FREE e-Newsletter
Important News - Hot Topics
Get them Now!
David Griffith

David Griffith

David Griffith has been editor of POLICE Magazine since December 2001. He brings more than 25 years of experience on magazines and newspapers to POLICE. A Maggie award-winning journalist, his byline has appeared on hundreds of articles in POLICE and other national magazines.

Doug  Wyllie

Doug Wyllie

Doug Wyllie has authored more than 1,000 articles and tactical tips aimed at ensuring that police officers are safer and more successful on the streets. Doug is a Western Publishing Association “Maggie Award” winner for Best Regularly Featured Digital Edition Column. He is a member of International Law Enforcement Educators and Trainers Association (ILEETA), an Associate Member of the California Peace Officers’ Association (CPOA), and a member of the Public Safety Writers Association (PSWA).

Melanie Basich

Melanie Basich

Managing Editor Melanie Basich joined POLICE Magazine in 2000 (when her last name was still Hamilton). An award-winning journalist, she has covered such topics as agency budgets, officer suicide, emerging law enforcement technologies, and active shooter tactics. She writes and manages the product section of POLICE.
Editor's Notes

Deadly Pets Dine on Dumbass Dangerous Animal Collector

August 28, 2007  |  by - Also by this author

Before we get started, here’s the disclaimer. The following is a really gross story of cops finding a dead body in Germany. You have been warned. So don't complain to me.

OK, I had to comment on this one. I know it has nothing to do with American law enforcement. But it’s a great story, it does involve police action, and, besides, I do this blog in my spare time—so if a story hooks me, it’s going to be grist for this mill.

Here’s the deal. It seems that the friendly neighborhood Polizei were recently summoned to an apartment in Dortmund. They were summoned by the call that many cops worldwide have come to dread: “Neighbors report foul smell.”

Upon opening the door, they discovered the body of Mark Voegel, 30. And well, Mark had looked better.

You see, Mark collected really deadly critters. His favorite pet was a black widow spider named Bettina. Unfortunately for Mark, Bettina did not feel the same way about him. Or maybe she did. After all, black widows devour their loved ones.

And as near as the German authorities can tell, that’s exactly what Bettina did. Well, at least she got in the first bite. Many people get bitten by black widows and survive the experience, most none the worst for wear. For some reason, Bettina’s venom put Mark down for the count.
Which is when the buffet opened up for his exotic menagerie. Mark had turned his flat (as they say in Europe) into a kind of half-assed zoo exhibit that would only be frequented by people who literally want to come face to face with creepy crawlies. He had spiders, snakes, lizards, insects, etc.—and many of them roamed free in his home.

Imagine walking in on this scene as described by the British newspaper The Sun:

A police spokesman said: “It was like a horror movie. His corpse was over the sofa.

“Giant webs draped him, spiders were all over him. They were coming out of his nose and his mouth.

“There was everything there one could imagine in the world of reptiles.

“Larger pieces of flesh torn off by the lizards were scooped up and taken back to the webs of tarantulas and other bird-eating spiders.”

Police described Voegel’s home as a cross between a botanical garden and the butterfly breeding ground in the serial killer movie “The Silence Of The Lambs.”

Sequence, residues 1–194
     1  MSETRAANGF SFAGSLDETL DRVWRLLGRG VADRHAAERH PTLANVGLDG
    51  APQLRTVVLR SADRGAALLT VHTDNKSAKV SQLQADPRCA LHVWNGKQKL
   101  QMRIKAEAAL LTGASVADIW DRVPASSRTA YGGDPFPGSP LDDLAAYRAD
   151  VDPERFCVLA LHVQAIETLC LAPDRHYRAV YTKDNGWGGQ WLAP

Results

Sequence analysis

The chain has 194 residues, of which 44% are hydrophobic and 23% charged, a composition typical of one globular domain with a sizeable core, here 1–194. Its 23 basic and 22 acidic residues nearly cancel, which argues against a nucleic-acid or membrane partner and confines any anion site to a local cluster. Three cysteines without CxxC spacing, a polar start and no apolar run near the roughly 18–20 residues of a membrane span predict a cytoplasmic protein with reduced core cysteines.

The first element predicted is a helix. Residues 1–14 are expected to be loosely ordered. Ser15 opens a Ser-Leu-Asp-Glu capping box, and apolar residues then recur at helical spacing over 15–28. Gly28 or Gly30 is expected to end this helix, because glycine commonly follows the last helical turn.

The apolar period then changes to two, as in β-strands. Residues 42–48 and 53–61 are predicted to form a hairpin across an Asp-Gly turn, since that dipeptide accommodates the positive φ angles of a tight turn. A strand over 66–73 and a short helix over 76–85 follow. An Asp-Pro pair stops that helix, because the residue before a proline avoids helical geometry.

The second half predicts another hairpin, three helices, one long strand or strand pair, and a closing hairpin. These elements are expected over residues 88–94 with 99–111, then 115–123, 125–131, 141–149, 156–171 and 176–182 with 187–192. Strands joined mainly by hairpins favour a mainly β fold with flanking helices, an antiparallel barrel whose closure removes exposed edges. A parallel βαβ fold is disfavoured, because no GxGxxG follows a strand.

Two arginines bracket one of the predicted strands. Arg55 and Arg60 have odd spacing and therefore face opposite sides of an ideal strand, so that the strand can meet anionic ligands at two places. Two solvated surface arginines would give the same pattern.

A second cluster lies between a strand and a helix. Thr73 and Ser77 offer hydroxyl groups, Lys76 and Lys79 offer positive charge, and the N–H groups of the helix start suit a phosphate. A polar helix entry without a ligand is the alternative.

One tarantula had built a nest the size of a swallow’s in a corner of the ceiling.

Voegel also had a boa constrictor and several poisonous frogs from South America.

Spider expert and animal cruelty officer Gabi Bayer said he kept creatures “that should never be allowed in a private home”.

She said: “He had spiders so aggressive they are the equivalent of a pit-bull in the animal world.”

Voegel is thought to have been dead for between seven and 14 days.

A post-mortem will be carried out in the next few days. But authorities believe Bettina alone was responsible for Voegel’s death.

Two thoughts on this:

Our buddy Mark deserves a Darwin Award for letting deadly creatures roam free in his home. What you want to bet he belonged to PETA. Only somebody who truly believed there is no such thing as a bad animal would live like this.

The second thought—and let’s get serious for a moment. It is often your job to go in some weirdo’s house and check on his welfare. This story illustrates why you need to know what said weirdo has in his house before going through the door. Talk to the neighbors who called you out before you enter said weirdo’s home because worldwide the weirdos are getting weirder.

Comments (4)

Displaying 1 - 4 of 4

Robert Arbelo @ 9/5/2007 3:23 PM


fredarice @ 10/1/2007 9:54 AM

Always look before you leap!!!

Collegecop_wa @ 10/3/2007 7:08 AM

At least he died doing what he loved - ROFL!

Seriously though, good points there Dave, you never know what is behind the door till it is opened. Thanks for sharing!

Joey @ 10/17/2007 12:12 PM

Just goes to show that love can kill. I don't think the quote, keep your enemies closer than your friends

Join the Discussion

POLICE Magazine does not tolerate comments that include profanity, personal attacks or antisocial behavior (such as "spamming" or "trolling"). This and other inappropriate content or material will be removed. We reserve the right to block any user who violates this, including removing all content posted by that user.

Other Recent Blog Posts

Recharging Your Batteries: The Benefits of "Unplugging"
There is certainly benefit to being current on events involving the people you consider...
Speaking on the Unspeakable: Ending the Pandemic of Police Officer Suicide
I've talked with officers who have lost a colleague to suicide—as well as many widows of...

Police Magazine